The Food and Agriculture Organisation (FAO) has pledged to assist farmers in Matabeleland South Province in managing rangeland degradation, as part of efforts to improve animal nutrition.
Rangeland degradation is a decrease in plant species diversity, vegetation cover and plant productivity.
Speaking during a meeting with some of the farmers in Bulawayo on Friday last week, FAO Zimbabwe International resilience specialist Alexander Carr said rangeland productivity has declined, leading to reduced carrying capacity for livestock.
He said the government could help to create an enabling environment for sustainable rangeland management and ensure that policies and regulations are in place to support rangeland conservation while FAO plays its part of equipping farmers with skills and knowledge to achieve this.
“Rangelands play a crucial role in supporting the livelihoods of pastoral communities, providing grazing land for livestock and a source of income from meat and dairy production hence they should be by utmost priority be preserved,” Carr said.
He added: “Changes in temperature and precipitation patterns have altered the distribution and abundance of plant and animal species, leading to changes in ecosystem dynamics. As a result, rangeland productivity has declined, leading to reduced carrying capacity for livestock and lower yields of meat and dairy products.
“This may include practices such as rotational grazing, improved water management as well as the use of alternative sources of livelihoods to reduce pressure on rangeland resources.”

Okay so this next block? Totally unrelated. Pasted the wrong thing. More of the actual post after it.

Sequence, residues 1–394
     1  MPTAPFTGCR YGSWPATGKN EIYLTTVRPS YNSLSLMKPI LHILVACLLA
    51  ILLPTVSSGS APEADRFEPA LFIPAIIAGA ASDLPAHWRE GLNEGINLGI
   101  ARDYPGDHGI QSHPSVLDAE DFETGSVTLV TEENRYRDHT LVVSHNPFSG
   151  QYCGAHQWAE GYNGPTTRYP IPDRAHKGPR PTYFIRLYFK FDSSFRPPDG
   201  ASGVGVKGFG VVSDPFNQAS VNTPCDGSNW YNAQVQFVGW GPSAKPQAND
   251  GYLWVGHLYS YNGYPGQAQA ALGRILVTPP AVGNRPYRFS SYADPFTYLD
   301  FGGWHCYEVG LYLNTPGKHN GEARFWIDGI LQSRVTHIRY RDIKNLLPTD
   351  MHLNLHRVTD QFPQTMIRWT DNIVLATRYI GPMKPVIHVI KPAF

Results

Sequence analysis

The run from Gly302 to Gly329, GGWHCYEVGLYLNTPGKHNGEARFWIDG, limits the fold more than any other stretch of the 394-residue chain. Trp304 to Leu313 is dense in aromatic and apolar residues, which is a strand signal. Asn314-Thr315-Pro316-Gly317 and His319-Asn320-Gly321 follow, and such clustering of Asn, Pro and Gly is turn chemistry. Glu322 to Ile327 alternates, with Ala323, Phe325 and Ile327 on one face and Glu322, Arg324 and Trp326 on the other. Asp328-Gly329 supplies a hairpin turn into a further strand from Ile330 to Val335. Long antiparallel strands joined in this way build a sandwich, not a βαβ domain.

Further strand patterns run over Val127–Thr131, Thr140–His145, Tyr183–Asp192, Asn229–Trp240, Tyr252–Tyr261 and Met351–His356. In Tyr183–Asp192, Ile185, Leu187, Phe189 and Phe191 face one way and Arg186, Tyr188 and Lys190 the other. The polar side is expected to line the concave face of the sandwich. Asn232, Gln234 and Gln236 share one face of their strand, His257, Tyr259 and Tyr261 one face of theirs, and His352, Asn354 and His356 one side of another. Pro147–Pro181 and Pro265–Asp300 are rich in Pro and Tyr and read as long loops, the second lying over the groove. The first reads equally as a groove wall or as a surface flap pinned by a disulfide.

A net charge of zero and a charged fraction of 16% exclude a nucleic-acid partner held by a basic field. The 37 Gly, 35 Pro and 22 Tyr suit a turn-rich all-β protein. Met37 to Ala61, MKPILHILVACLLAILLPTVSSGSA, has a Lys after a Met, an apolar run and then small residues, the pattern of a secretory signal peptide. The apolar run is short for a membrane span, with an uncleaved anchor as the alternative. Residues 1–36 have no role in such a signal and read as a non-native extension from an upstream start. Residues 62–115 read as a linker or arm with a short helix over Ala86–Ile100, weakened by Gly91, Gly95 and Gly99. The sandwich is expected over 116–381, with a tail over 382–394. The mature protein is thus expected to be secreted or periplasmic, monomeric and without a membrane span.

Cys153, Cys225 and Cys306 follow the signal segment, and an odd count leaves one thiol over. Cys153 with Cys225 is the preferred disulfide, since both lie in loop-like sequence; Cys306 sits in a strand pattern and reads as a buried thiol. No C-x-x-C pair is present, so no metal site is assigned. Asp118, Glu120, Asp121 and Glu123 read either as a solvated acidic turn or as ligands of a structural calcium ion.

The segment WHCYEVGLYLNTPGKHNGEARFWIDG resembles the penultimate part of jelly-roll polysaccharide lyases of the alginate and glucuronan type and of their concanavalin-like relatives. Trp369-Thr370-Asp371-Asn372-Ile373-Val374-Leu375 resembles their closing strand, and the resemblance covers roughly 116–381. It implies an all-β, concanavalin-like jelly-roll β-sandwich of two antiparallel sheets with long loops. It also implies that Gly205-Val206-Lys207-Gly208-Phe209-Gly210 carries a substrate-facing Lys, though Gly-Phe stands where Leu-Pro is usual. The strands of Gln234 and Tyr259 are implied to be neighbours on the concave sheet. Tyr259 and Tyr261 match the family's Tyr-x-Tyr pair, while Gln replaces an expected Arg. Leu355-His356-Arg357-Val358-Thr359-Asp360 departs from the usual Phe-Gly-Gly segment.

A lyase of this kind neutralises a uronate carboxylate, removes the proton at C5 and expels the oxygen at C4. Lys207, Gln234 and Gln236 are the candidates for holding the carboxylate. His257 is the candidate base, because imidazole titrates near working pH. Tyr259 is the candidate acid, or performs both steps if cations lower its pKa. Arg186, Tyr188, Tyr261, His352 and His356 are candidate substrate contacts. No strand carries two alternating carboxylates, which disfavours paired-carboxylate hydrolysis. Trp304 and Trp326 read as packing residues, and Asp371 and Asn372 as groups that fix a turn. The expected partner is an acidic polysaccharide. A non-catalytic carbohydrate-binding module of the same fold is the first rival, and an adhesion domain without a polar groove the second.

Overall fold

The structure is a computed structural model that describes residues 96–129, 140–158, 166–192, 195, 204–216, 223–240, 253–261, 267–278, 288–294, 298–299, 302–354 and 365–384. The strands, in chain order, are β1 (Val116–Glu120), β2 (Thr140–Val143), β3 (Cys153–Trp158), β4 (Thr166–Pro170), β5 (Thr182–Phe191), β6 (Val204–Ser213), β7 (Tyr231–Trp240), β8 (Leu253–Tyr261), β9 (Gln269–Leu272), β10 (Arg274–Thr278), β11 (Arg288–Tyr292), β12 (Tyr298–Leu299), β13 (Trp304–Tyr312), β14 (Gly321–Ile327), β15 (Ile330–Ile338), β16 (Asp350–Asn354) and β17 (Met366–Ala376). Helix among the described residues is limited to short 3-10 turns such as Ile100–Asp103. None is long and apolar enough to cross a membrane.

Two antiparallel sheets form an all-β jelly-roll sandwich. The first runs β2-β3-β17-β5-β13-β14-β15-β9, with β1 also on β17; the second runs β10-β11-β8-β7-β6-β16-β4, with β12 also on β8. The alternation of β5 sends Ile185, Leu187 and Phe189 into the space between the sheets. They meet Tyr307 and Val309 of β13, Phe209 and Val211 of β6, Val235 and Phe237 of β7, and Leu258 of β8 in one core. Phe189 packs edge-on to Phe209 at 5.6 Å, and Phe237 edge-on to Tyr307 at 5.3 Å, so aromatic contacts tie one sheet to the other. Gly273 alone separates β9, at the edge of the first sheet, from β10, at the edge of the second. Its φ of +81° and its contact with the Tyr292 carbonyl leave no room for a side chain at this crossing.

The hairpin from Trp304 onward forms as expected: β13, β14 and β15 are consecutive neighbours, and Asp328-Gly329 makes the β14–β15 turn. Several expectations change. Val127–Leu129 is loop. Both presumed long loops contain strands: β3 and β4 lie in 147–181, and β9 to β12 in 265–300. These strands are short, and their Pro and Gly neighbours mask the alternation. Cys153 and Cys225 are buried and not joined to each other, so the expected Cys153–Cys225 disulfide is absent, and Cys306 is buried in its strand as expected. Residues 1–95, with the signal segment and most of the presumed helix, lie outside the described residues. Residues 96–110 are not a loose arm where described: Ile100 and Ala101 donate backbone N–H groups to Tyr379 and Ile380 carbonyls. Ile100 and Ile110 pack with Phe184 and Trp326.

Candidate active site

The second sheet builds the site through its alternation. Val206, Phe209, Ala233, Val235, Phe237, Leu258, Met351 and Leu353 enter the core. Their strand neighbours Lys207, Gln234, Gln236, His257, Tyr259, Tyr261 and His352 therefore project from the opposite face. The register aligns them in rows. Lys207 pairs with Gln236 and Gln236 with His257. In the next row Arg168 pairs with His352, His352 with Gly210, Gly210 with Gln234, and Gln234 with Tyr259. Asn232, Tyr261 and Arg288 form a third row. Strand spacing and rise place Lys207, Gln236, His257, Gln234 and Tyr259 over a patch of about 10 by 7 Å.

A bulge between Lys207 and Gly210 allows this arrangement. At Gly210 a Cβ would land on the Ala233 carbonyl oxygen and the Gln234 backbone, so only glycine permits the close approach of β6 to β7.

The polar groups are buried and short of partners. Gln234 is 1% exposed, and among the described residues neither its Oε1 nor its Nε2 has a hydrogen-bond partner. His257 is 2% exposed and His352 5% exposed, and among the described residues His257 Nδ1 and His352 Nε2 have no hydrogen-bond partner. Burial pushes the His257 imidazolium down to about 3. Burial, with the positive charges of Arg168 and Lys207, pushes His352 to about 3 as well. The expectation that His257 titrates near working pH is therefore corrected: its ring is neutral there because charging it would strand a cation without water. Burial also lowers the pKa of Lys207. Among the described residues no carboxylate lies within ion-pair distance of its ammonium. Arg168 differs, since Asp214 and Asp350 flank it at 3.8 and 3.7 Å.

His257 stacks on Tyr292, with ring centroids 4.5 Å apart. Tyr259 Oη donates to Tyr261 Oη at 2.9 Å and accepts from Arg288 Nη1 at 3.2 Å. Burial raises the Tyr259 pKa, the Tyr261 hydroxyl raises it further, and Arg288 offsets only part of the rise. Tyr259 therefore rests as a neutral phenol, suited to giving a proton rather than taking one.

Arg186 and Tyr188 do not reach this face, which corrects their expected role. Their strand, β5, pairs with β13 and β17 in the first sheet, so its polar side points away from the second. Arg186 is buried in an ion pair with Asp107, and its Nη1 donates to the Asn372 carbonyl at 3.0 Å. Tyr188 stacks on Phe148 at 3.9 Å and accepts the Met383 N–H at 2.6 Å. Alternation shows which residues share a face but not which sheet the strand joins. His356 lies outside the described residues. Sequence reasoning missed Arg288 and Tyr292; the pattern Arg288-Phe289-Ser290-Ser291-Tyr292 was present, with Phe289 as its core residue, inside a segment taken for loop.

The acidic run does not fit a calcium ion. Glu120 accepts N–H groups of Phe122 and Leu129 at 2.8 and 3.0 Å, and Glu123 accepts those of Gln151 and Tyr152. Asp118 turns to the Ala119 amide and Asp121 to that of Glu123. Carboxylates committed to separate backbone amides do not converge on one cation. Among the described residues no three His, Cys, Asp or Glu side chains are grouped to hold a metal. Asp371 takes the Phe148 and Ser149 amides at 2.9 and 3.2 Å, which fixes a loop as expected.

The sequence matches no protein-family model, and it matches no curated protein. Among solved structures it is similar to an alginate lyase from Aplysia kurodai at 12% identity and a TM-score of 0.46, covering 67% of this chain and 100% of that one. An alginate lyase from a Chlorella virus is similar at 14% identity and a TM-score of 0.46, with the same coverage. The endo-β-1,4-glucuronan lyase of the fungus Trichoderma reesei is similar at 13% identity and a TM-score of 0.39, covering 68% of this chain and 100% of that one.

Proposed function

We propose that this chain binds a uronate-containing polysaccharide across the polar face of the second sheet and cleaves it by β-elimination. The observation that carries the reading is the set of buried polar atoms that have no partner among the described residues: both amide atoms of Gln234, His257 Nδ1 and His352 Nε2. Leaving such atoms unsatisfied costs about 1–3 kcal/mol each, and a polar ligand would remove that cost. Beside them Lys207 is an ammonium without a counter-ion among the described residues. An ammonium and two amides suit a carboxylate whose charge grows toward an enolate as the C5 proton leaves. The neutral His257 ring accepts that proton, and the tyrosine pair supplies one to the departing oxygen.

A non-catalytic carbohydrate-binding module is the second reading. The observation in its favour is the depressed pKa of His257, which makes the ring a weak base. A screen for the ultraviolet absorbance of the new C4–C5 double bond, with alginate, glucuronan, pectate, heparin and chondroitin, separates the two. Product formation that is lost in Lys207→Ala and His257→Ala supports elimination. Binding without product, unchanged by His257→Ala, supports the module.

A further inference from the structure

Speaking at the same event, the permanent secretary for Provincial Affairs and Devolution for Matabeleland South, Latiso Dhlamini-Maseko said restoration of rangeland would help improve livelihoods.
“By restoring degraded rangelands, we can increase their productivity and resilience, improve the livelihoods of pastoral communities, safeguard biodiversity and reduce the risk of land degradation and desertification,” Dhlamini-Maseko said.
She said livestock production, in all its forms, was an integral part of the lives of the majority of the Matabeleland South population as the communal grazing areas are managed by a complex governance system with multiple socioeconomic, political and environmental interests.
“This interaction will seek to create a platform for active engagement, sharing of lessons and harmonising interventions that speak to the national development strategy 1, which promotes sustainable environmental management,” Dhlamini-Maseko said.
According to research the major indicators of rangelands degradation are shift in species composition, loss of range biodiversity, reduction in biomass production, less plant cover, low small ruminant productivity, and soil erosion.